By
Dr. Scott Conard, Holmes Murphy Chief Medical Officer

A lot of companies around the U.S. are starting to head back into the office (or at least considering it), but this is proving to be challenging. COVID-19 is a dangerous, insidious, and difficult-to-detect disease, guidelines on workplace safety and confidentiality are not entirely clear, and the liability (should an employee become ill after returning to work) leaves many companies unsure of the best path forward. So, perhaps, a “clinic approach” should be strongly considered.

This approach has 5 factors.

1. Environmental Precautions

To begin, every strategy will still require social distancing, aggressive hygienic measures (hand washing, cleaning the workspace, and so forth), and personal protective gear where available for the foreseeable future. Even a person who has had COVID-19 and gotten well (IgG antibody positive) will have to follow these guidelines. This step is not to prevent them from getting the disease, but rather to prevent them from carrying the virus from one person to another by carrying the virus on their hands, clothing, or by depositing the virus onto door knobs, shared spaces (break rooms, elevators, meeting rooms), elevator buttons, etc.

2. Employee Health Status

Clinically, the health status of the individual must be assessed. Employees must be placed into at least four categories:

  • Low risk, not exposing high-risk close contacts — What this means is that the employee is low risk and also doesn’t have friends or family with whom they’re living or supporting who are high risk.
  • Low risk, exposing high-risk close contacts — An example of this type of employee would be one who is low risk; however, they live or are in close contact with a spouse with type 1 or 2 diabetes, an elderly parent or grandparent, or someone who is on chemotherapy, etc.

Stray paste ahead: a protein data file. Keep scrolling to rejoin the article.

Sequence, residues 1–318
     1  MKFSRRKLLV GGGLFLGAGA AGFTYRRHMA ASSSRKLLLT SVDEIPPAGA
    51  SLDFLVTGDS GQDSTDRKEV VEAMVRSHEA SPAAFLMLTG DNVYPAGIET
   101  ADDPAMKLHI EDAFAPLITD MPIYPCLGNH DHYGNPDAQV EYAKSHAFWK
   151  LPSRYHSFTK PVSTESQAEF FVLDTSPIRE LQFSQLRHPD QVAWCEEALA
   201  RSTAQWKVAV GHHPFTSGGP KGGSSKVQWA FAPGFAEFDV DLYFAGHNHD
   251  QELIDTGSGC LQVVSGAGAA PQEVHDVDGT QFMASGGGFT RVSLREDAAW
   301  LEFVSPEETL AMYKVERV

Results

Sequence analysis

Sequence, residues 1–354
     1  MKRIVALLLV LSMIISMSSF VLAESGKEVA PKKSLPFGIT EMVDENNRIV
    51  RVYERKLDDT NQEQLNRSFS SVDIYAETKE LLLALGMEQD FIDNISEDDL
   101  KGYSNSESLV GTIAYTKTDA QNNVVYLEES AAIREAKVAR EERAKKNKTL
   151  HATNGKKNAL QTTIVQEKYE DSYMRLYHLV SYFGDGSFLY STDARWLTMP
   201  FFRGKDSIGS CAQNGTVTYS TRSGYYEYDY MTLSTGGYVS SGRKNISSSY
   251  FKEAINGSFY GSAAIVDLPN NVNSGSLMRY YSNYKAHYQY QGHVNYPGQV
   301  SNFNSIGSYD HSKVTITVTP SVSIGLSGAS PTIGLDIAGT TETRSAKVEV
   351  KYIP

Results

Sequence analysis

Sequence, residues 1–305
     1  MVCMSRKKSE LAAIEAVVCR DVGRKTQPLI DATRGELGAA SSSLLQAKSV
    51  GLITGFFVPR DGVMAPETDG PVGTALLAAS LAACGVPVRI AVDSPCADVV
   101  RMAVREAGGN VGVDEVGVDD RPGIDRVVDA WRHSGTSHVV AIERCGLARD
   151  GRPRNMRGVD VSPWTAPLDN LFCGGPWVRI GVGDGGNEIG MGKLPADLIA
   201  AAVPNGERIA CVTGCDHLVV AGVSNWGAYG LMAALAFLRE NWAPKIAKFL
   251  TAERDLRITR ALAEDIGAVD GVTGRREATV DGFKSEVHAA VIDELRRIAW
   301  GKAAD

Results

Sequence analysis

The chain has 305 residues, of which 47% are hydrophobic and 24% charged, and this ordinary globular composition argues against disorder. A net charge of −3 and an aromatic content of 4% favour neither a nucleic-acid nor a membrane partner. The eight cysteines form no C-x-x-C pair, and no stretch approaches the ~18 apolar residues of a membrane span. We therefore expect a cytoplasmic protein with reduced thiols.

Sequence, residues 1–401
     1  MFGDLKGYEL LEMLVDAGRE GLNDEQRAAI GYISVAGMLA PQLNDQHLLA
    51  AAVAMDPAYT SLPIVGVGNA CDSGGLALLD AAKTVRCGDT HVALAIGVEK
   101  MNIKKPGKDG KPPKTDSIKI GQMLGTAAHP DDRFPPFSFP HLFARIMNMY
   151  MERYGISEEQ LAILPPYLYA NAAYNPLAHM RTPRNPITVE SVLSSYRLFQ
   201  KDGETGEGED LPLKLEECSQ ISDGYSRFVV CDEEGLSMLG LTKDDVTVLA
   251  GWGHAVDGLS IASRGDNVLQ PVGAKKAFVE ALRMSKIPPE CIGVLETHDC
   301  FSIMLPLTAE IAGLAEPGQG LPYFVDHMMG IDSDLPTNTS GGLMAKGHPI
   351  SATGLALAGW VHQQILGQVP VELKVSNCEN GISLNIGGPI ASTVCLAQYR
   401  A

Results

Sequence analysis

• High risk — This group would contain employees who are over 65, those with chronic disease(s), or those who are immunocompromised from cancer or a specialty medication like Remicade, Humira, or Embrel.
  • Employees with COVID-19 infection or exposure — This categorization of employees is somewhat self-explanatory. This would be an employee, whether active or historical, who had a test that came back positive or was presumed to have had (does have) COVID-19. In this case, careful reintroduction into the workplace is necessary.

Given the rapidly changing understanding of best practices and the availability of testing, many companies are relying on third-party vendors to manage this dynamic situation and guide employees through the process of returning to the workplace in a medically, socially, and culturally safe and well-orchestrated effort. How to do this requires careful consideration of ADA, EEOC, and other regulations, so make sure to make it a team effort when considering who you want to bring back and when.

3. Work Environment

The work environment (ventilation, space, ingress and egress, number of employees per work area, shared spaces like kitchens, bathrooms and meeting rooms, transportation requirements, and the necessity of specific vital workers and/or functions to be performed) must be assessed to determine the safety and rate of return to work.

4. Geographical Concerns

The prevalence of COVID-19 in the geography must also be considered. A rate of 2/10,000 residents is a guideline that some are using to determine how assertively they need to request employees wear personal protective gear and/or the aggressiveness of bringing employees back to work.

5. Testing Availability

Finally, the use of testing as it becomes available (PCR that detects the actual virus itself, and antibody testing which determines the immune system response) will become important as these tests become more readily available.

Cost, convenience, accuracy, and logistics will all play into when, whether, and which test will be performed and how it changes the decision of whom to bring back to work when.

Be on the Lookout…

In this blog, I reviewed the health portion of the return-to-the-office equation and touched briefly on the workplace environment. Tune in Monday or subscribe to our blog, as Kari Cooling will take a look a closer look at that and factors you’ll need to take into consideration in your strategy.

Additionally, we recently hosted a webinar called “Managing Risk: What Employers Need to Know as Employees Return to Work.” Feel free to check it out!